Pandemic Impacts Slower to Reach Treasure State Timber Industry

Although timber and construction were among least-affected industries, uncertain economic times remain in forecast

By Tristan Scott
The Liger Timber Sale harvest operation off of South Fork Road southeast of Martin City near the Hungry Horse Reservoir. Beacon file photo

In Montana, unlike many other states, the construction industry was allowed to operate during the lockdown while timber workers who keep the forest products inventory flush were already anticipating a lull in logging during the nascent days of the COVID-19 pandemic, a traditional seasonal slump known as “spring breakup.”

So as building projects already slated to move forward did so, and as loggers and mill workers settled into an anticipated spring slowdown while the forests dried out from winter, no one lost their jobs — hammers kept swinging and saws stayed sharpened, with plenty of timber harvests waiting on the horizon.

But just because the industry dodged the first waves of the pandemic’s short-term impacts doesn’t mean trouble isn’t trailing far behind, particularly in rural economies, according to industry experts.

“When you’re dependent on one or two primary resources, even minor downturns can wreak havoc,” Laura Schweitzer, executive director of the Council of Western State Foresters/Western Forestry Leadership Coalition, said during a Western Governors Association webinar last week. The topic of the webinar was “Restarting Resource-Dependent Economies” and panelists focused on how the COVID-19 pandemic is impacting timber-dependent communities in the West.

“The COVID-19 pandemic is presenting challenges that go beyond economic challenges,” she said. “It’s things like social distancing rules when you’re trying to meet collaborative goals, or how to get work done on the landscape when you’re struggling to get help from agencies with limited activity or budget cuts.”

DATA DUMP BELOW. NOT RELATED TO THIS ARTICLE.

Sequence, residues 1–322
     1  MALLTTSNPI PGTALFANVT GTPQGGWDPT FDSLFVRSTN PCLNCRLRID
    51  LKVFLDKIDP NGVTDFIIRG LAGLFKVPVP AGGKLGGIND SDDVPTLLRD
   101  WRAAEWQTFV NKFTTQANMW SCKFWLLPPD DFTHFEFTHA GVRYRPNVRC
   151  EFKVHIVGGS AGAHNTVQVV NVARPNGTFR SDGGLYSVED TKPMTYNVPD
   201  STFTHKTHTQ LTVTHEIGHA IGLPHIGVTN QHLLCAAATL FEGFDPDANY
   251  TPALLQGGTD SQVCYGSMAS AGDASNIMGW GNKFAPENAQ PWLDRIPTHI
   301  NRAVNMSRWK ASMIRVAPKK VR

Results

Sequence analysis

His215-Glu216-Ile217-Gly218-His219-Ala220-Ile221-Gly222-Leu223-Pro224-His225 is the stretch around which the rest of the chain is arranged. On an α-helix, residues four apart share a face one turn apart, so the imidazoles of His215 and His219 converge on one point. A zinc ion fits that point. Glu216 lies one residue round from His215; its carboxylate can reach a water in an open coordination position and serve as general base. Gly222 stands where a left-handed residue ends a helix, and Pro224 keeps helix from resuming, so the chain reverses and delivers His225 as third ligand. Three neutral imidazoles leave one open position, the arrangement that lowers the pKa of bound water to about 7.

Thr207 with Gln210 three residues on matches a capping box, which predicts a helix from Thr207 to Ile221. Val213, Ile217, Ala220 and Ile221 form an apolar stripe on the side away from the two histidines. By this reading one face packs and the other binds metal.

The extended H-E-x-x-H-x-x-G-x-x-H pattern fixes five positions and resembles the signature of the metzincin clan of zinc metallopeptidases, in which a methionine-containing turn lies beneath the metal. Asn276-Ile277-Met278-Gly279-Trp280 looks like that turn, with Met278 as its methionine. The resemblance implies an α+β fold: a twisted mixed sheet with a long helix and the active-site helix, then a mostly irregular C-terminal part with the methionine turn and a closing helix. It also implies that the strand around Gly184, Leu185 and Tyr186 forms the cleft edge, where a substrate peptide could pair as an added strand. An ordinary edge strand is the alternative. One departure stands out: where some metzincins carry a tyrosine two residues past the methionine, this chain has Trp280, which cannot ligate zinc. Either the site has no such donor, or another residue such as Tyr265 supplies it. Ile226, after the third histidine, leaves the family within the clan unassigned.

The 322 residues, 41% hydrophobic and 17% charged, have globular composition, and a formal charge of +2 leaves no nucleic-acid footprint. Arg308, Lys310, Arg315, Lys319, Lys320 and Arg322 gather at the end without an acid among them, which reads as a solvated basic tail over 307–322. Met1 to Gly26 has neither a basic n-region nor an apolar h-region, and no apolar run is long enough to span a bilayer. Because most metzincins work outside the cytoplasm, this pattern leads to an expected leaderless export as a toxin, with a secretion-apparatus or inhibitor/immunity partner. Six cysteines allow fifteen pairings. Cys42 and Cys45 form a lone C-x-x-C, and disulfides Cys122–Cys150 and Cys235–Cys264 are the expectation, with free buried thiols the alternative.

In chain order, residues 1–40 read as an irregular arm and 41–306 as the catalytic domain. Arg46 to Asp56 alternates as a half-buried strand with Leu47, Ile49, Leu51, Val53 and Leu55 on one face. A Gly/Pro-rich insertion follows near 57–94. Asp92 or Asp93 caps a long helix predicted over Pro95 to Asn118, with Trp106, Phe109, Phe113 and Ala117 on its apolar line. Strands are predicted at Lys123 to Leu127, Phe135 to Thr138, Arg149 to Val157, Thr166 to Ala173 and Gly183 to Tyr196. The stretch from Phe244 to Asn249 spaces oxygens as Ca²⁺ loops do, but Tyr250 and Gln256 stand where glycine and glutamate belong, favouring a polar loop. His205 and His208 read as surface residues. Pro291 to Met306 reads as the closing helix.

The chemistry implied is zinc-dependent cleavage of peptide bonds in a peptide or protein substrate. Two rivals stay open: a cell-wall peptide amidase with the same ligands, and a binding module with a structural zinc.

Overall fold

Those complications could start to gum up operations across the West, particularly if the pandemic creates a backlog of bureaucratic delays and stalls enough timber sales, according to Wes McCart, a county commissioner in Stevens County, Washington, who served as a panelist on the webinar.

For example, McCart said state safety advisers in Washington are trying to determine whether work can resume in the woods without increasing health risks.

In Montana, the state Department of Natural Resources and Conservation had delayed its Best Management Practices audits of forest workers due to an inability for agency inspectors to share vans to worksites or be in close physical proximity to one another. In Washington, McCart said plans to furlough state workers at least one day a week could further delay permitting and analysis work that is required before private crews can move forward on projects.

“The Forest Service is telling us they won’t be planting any trees, and they’re not doing any slash-burning this spring or fall,” McCart said on the webinar. Leaving dead fuels on the ground can lead to fire or bug infestation problems, while mobilizing crews for fuel reduction work can trigger COVID-19 outbreaks, creating a classic catch-22 dilemma.

Montana does not have plans to furlough state employees, according to Gov. Steve Bullock’s office, and the state’s cooperative Good Neighbor Authority agreement with the Forest Service has not delayed any projects at this point.

Still, the nationwide housing construction forecast has fallen from a predicted 1.6 million starts in 2020 to about 800,000 for the year, according to Schweitzer. That’s an improvement over the levels that followed the 2008 economic crash, which saw about 600,000 starts, she said, but not the groundswell forecast at the beginning of 2020.

To calm some of the economic turbulence, the U.S. Forest Service allowed mills with existing contracts accepted before April to delay action for up to two years.

According to U.S. Sen. Steve Daines, R-Montana, who pushed for the two-year extensions, it helps minimize the disruptions to the wood products industry and the rural economies it sustains.

“It is critical the agency allows ongoing sales to continue and provide contract relief to ensure timber purchasers are not forced to comply with provisions that do not reflect the changing market,” Daines wrote in a letter to Agriculture Secretary Sonny Perdue.

The economic ripple effects will likely continue to disrupt the natural resources industry beyond 2020 — kinks in the supply chain, virus-related safety restrictions, and the unforeseen fallout from forest fires and drought all increase the chances for further interruptions.

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